Next Gen analysis: Digging into the car changes for Bristol dirt race

2022april12 Next Gen Dirt Bristol

Editor’s note: Bozi Tatarevic is a professional racing mechanic and pit-crew member. He will provide technical analysis for throughout the 2022 season.

The NASCAR Next Gen car is set to race on dirt for the first time later this week at Bristol Motor Speedway, and like the previous generation car, it required some changes in order to make the shift from pavement to dirt. Most of these changes are pretty straightforward with the ultimate goal of not collecting dirt on body panels and suspension components.

Bozi Tatarevic
Bozi Tatarevic

Rules Bulletin No. 8 was released a couple of weeks ago, and it jumped into many details of what the specs would look like for dirt racing with the Next Gen car. The first updates are seen in the safety section and show us our first view of some of the unique components for the Bristol dirt race. One such example is the panel that sits below the engine, so the rules have been updated to add specific wording and diagram on how that engine panel must be tethered to the chassis, including the specific anchors that must be used.


An array of approved parts has also been added to the “Dirt Event Debris Shields” section under rule 14.6, which lists approved panels that must come from Fibreworks, along with shims and mounts that teams may supply on their own. In addition to the parts list, updates have been added for specific changes related to the underwing and diffuser, including parts that will be omitted for dirt events, such as the diffuser flap cable, diffuser flap assembly and diffuser scoop extension panel.


As many of the composite parts used for the rest of the schedule are being replaced with metal pieces for dirt events, there is now also an added clause stating that “deburring and breaking sharp edges will be permitted within reason on all metal parts” as tied to internal heat shielding and bracing. In addition to those changes, additional shielding will be permitted from the front firewall forward to prevent mud and dirt from collecting in the engine bay.

Screens will also be permitted for rocker box vents and rear wheel tub vent. The exhaust exit shrouds must be mounted on the inside of the rocker boxes versus their typical mounting on the outside, which is likely to prevent dirt catching on them. The final update will be welcomed by fans of color-matched side skirts and rocker boxes as it states “paint or vinyl will be permitted on the outside vertical surface of the rocker boxes” for dirt events.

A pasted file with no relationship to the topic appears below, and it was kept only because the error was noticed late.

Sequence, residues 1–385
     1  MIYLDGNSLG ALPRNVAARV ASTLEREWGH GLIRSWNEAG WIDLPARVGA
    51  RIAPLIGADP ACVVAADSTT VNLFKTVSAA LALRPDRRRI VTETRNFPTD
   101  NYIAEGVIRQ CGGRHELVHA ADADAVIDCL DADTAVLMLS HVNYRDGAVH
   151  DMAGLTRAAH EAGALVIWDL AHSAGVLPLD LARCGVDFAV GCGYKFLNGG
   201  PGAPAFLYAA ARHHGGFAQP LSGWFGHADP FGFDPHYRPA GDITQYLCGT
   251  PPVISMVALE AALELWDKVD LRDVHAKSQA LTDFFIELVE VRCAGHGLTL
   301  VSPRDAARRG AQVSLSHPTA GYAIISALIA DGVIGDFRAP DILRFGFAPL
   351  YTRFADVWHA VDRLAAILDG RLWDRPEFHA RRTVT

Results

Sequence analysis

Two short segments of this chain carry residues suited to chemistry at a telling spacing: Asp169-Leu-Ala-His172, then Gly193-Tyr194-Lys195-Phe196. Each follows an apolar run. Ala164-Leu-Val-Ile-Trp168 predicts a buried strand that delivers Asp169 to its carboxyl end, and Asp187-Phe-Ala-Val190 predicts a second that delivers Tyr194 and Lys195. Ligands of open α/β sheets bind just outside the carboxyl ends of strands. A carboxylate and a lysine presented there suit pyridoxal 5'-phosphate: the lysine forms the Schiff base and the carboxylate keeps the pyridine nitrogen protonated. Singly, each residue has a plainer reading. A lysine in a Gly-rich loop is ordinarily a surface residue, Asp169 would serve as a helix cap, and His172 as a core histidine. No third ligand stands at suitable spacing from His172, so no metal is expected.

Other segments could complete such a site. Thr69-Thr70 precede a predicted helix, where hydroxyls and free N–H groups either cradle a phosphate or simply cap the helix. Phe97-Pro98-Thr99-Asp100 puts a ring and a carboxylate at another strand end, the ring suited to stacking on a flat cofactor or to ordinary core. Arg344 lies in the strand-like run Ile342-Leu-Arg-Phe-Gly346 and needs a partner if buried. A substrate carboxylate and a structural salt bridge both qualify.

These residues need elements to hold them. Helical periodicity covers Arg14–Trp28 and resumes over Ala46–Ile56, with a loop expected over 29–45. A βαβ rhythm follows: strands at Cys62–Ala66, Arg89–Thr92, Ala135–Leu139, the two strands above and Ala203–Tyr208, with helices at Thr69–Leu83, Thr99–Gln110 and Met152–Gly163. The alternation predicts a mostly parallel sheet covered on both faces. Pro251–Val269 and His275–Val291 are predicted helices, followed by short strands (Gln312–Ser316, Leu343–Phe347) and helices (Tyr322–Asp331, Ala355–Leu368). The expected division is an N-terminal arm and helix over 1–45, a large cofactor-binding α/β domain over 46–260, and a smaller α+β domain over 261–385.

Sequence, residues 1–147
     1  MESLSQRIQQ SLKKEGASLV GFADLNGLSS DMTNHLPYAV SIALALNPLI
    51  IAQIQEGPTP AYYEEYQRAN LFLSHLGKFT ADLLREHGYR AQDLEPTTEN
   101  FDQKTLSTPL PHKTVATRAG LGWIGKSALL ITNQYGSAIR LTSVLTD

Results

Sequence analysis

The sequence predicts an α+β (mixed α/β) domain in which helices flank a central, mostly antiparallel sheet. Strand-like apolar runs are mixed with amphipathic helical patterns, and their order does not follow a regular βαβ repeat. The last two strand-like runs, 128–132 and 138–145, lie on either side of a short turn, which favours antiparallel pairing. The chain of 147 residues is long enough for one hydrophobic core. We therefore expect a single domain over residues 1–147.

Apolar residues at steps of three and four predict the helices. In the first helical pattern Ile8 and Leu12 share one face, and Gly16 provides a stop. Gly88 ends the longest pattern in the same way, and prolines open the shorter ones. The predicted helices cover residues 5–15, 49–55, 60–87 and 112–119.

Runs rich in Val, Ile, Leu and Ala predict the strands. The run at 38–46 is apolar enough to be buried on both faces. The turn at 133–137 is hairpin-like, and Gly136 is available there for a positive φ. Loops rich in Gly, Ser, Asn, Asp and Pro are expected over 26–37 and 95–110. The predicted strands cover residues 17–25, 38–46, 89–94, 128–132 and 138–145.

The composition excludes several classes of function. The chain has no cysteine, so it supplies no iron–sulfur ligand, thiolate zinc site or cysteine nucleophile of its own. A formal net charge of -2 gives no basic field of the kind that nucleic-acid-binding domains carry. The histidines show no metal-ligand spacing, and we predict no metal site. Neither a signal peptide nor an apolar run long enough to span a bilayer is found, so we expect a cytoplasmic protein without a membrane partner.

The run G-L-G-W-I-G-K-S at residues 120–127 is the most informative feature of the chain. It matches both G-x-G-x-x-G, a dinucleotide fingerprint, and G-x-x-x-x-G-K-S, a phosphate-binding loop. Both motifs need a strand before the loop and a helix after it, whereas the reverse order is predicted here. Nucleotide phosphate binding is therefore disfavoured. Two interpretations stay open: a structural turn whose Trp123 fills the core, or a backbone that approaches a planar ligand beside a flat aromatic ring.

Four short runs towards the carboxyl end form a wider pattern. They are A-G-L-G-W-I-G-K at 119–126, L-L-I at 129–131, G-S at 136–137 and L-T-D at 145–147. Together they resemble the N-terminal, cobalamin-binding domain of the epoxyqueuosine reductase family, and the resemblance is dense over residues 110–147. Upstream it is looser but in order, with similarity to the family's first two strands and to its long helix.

On the suspension side, another rule has also been added in that section that will allow spring bags to be installed on the damper assembly for dirt events. Installing spring bags is likely being allowed because it would prevent dirt from getting behind the springs and inside the dampers as it would fully cover them.

RELATED: Full Bristol Motor Speedway schedule

Dirt event details have been added to the vehicle inspection measurement pages as well, and as with other races, the wheelbase specification is 110 inches. However, for dirt, the allowable tolerances have been adjusted by a few tenths of an inch specifically for that surface, but the upper and lower limits remain within less than an inch of each other.

The other update is in the ground clearance section that states skid blocks, commonly called rub blocks, must be removed for all dirt events. A cover plate that is 0.125 inches thick must be added in lieu of the skid blocks to protect the recovery strap location and conical receiver reference surface.

Most of these components were tested and validated at Lancaster Speedway last year and finalized in the months since then. Once the final package was assembled, the test car was sent to Bristol with Stewart Friesen behind the wheel again and tested in conditions similar to what we will see in the race in order to confirm the parts and pieces.

In addition to the components that were previously approved, replacing the windshield with a mesh screen was also tested but not chosen at this time due to the requirement for more research from the safety side and the likelihood of having to build some type of deflection cover for the driver’s hands.

The Next Gen car looked very much at home on the dirt at Bristol as Friesen tested, and initial videos appear to show the Cup car has picked up some speed over what we saw last year. That wouldn’t be surprising considering the range of adjustments available with the new car, especially when it comes to the independent rear suspension. Seeing a full field of Next Gen cars on the dirt this weekend should provide for a great show as drivers try to slide their way to a victory.